As the country's first African American military pilots, the Tuskegee Airmen fought in World War II on two fronts: against the Axis powers in the skies over Europe and against Jim Crow racism and segregation at home. Although the pilots flew more than 15,000 sorties and destroyed more than 200 German aircraft, their most far-reaching achievement defies quantification: delivering a powerful blow to racial inequality and discrimination in American life.
In this inspiring account of the Tuskegee Airmen, historian J. Todd Moye captures the challenges and triumphs of these brave pilots in their own words, drawing on more than 800 interviews recorded for the National Park Service's Tuskegee Airmen Oral History Project. Denied the right to fully participate in the U.S. war effort alongside whites at the beginning of World War II, African Americans--spurred on by black newspapers and civil rights organizations such as the NAACP--compelled the prestigious Army Air Corps to open its training programs to black pilots, despite the objections of its top generals. Thousands of young men came from every part of the country to Tuskegee, Alabama, in the heart of the segregated South, to enter the program, which expanded in 1943 to train multi-engine bomber pilots in addition to fighter pilots. By the end of the war, Tuskegee Airfield had become a small city populated by black mechanics, parachute packers, doctors, and nurses. Together, they helped prove that racial segregation of the fighting forces was so inefficient as to be counterproductive to the nation's defense. Freedom Flyers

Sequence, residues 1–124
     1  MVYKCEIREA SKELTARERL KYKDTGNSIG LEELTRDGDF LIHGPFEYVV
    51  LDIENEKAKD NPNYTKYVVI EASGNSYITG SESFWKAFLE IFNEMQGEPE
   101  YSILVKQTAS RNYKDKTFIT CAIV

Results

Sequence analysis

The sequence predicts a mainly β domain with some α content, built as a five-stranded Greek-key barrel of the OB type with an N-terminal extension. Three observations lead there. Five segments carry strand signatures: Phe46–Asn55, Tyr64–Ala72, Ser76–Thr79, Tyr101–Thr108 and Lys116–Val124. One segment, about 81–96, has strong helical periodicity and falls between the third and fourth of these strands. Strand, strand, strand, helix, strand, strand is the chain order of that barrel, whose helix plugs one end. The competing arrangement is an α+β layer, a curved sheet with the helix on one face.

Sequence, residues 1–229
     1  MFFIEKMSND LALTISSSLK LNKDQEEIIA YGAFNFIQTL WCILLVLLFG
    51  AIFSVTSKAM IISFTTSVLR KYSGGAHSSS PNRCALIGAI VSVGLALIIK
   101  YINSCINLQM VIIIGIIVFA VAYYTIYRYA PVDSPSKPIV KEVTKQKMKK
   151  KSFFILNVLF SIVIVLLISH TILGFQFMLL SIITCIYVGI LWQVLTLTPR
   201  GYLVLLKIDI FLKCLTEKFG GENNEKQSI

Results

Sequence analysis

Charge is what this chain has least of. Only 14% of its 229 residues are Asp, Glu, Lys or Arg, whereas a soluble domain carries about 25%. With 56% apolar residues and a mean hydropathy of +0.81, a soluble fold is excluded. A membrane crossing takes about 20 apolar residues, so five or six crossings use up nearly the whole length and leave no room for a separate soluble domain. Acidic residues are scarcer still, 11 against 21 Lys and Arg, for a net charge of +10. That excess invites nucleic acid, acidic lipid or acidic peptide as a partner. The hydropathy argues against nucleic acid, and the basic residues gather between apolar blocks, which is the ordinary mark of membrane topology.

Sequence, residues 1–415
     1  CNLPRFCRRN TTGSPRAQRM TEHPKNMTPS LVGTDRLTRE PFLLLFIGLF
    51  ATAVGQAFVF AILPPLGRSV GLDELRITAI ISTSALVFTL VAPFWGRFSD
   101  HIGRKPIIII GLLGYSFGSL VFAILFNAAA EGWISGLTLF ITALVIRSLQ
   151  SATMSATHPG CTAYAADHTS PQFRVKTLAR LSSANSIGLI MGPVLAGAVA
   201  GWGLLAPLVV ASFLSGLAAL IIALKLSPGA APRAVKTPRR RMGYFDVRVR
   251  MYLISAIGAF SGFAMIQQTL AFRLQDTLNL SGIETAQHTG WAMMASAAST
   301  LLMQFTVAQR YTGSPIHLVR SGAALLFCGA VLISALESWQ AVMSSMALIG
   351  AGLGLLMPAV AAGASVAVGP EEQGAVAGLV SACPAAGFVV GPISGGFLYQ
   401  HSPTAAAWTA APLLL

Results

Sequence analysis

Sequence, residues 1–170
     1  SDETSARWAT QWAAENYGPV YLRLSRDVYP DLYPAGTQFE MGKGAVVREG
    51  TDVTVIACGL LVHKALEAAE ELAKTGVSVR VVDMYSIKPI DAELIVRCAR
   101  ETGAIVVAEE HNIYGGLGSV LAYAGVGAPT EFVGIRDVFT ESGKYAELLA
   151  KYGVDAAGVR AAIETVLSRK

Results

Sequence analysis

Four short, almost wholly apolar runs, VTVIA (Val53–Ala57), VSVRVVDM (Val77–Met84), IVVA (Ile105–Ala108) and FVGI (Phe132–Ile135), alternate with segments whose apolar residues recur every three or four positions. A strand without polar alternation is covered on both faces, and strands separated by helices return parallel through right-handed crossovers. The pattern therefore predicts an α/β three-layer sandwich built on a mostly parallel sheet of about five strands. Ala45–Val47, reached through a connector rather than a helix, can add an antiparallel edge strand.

brings to life the legacy of a determined, visionary cadre of African American airmen who proved their capabilities and patriotism beyond question, transformed the armed forces--formerly the nation's most racially polarized institution--and jump-started the modern struggle for racial equality.
Take a look at pictures from Freedom Flyers
(Click on images to enlarge)
From Publishers Weekly
Moye, associate professor of history at the University of North Texas, updates a now familiar story in this excellent history of the first African-American military pilots. Under pressure from black newspapers and the NAACP to open pilot training to blacks (and facing a re-election fight), President Franklin Roosevelt in 1940 authorized the creation of a segregated flight school at Tuskegee Institute in Alabama and an all-black fighter squadron. The program trained almost 1,000 fliers, and nearly half served in combat during WWII, compiling an impressive record flying 15,000 sorties in North Africa, Sicily, and Italy. Despite official skepticism and occasional hostility, the Tuskegee Airmen successfully demonstrated that racial segregation of troops was inefficient and... hindered national defense. Their record helped persuade the air force—largely for reasons of operational self-interest—and President Harry Truman to seek the immediate desegregation of the military after the war. The author directed the National Park Service's Tuskegee Airmen Oral History Project and mined some 800 interviews for his exhaustive research. Moye's lively prose and the intimate details of the personal narratives yield an accessible scholarly history that also succeeds as vivid social history. (Apr.)
Copyright © Reed Business Information, a division of Reed Elsevier Inc. All rights reserved.